Music has been a common thread throughout director Cameron Crowe's career, from the pairing of Peter Gabriel's "In Your Eyes" and a boombox in his first film, Say Anything, to Almost Famous, a movie based on Crowe's real life experience writing for Rolling Stone as a teenager. He's also directed music documentaries about Tom Petty and the Heartbreakers, Alice in Chains, and Pearl Jam, and in 2001, he directed Vanilla Sky, which included several songs by Sigur Rós and revealed Crowe's affection for the Icelandic band.
For all these reasons, a collaboration between Crowe and Sigur Rós frontman Jónsi isn't exactly unexpected. In fact, it's exactly what Crowe dreamed would happen when he began working on his latest movie, We Bought A Zoo.
The film, starring Matt Damon and Scarlett Johansson, is an adaptation of Benjamin Mee's memoir about a father who uses his life savings to buy a dilapidated zoo full of animals and moves his family to the countryside to renovate it.
Even before filming for the movie began, Crowe used Sigur Rós' music as inspiration for the cast and crew, and finally, on the last day of filming, asked Jónsi to write music for the film. Not only did Jónsi agree, but in addition to writing first movie score, also contributed two new songs, one of which he co-wrote with Crowe. We're happy to share that song with you today.
Both with Sigur Rós, and in his solo work, Jónsi has always made music that captured the human adventure. Early on, it was obvious that this music would have a profound effect on the making of "We Bought A Zoo." In preparation for making the movie, we gave all the actors and crew members a copy of Sigur Rós transcendent documentary, "Heima," (Icelandic for "home"). We all watched the film and listened to the music, and it quickly seeped into our own journey in filming the real-life story of Benjamin Mee's book. The actors listened to the music during their takes; it was immediately part of the film's DNA. Even the signs guiding our crew members to the set revealed our inspiration "Heima." During filming, I sent Jónsi a photo of one of the signs. He wrote back with characteristic enthusiasm. On our last day of shooting in April, I contacted Jónsi again and asked him if he was interested in scoring the film. I sent him a copy of the script, and a Quicktime of one of the scenes. The story affected him. He'd already begun composing new music for the film when he arrived from Iceland with his toy sampler keyboard and a headful of ideas.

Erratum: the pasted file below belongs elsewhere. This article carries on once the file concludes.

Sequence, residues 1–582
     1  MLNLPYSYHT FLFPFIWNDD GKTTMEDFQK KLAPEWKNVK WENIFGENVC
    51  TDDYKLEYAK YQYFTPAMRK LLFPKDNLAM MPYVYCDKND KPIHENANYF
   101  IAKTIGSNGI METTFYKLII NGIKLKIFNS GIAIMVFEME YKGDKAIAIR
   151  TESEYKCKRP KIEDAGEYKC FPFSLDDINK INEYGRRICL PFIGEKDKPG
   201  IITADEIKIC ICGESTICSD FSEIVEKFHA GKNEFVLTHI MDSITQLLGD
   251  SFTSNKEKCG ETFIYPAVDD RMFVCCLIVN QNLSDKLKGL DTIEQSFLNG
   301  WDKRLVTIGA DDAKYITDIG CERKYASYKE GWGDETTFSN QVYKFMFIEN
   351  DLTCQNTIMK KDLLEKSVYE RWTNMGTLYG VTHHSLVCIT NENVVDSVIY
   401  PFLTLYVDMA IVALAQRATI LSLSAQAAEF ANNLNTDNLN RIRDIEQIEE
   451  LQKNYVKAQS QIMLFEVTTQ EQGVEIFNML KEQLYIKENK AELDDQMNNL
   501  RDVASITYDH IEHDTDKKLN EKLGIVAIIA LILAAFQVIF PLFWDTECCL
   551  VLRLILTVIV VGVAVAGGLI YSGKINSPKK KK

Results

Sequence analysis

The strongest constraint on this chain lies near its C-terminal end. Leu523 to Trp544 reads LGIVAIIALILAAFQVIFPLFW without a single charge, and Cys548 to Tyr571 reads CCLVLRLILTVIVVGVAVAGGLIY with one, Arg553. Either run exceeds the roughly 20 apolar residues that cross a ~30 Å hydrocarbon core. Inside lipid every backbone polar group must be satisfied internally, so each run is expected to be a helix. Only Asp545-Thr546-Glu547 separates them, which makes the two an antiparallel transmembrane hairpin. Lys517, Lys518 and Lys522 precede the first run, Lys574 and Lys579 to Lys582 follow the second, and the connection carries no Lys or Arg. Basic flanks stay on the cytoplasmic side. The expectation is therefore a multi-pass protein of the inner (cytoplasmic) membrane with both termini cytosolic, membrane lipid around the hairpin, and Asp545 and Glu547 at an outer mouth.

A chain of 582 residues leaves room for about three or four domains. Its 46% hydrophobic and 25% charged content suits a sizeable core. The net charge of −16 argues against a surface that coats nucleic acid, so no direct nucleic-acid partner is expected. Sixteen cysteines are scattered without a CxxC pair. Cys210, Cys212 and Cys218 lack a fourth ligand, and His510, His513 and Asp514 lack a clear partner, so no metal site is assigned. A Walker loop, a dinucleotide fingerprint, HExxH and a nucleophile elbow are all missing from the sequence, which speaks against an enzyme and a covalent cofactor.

His first theme for the movie fit perfectly. Within a week, Jónsi had composed a series of themes that would reflect everything we'd hoped for. In his music were all the highs and lows and passionate in-betweens of the film itself. Over the course of several visits to Los Angeles, Jónsi sculpted and orchestrated a soundscape with elements I'd never had in a movie before: bells, strings, cymbals, toy pianos, even melodies played through a small Dictaphone. The instinct that began the movie had come full circle. On a warm fall night in October, we finished. The e-mail he sent last night before boarding the plane back to his home in Iceland says it all: "It was such a blast." And so it was. Here, with thanks from an inspired director, and special gratitude to Alex Somers, who helped shine it through a prism of love and wonder, is Jónsi's first score for film. This is his music for "We Bought A Zoo."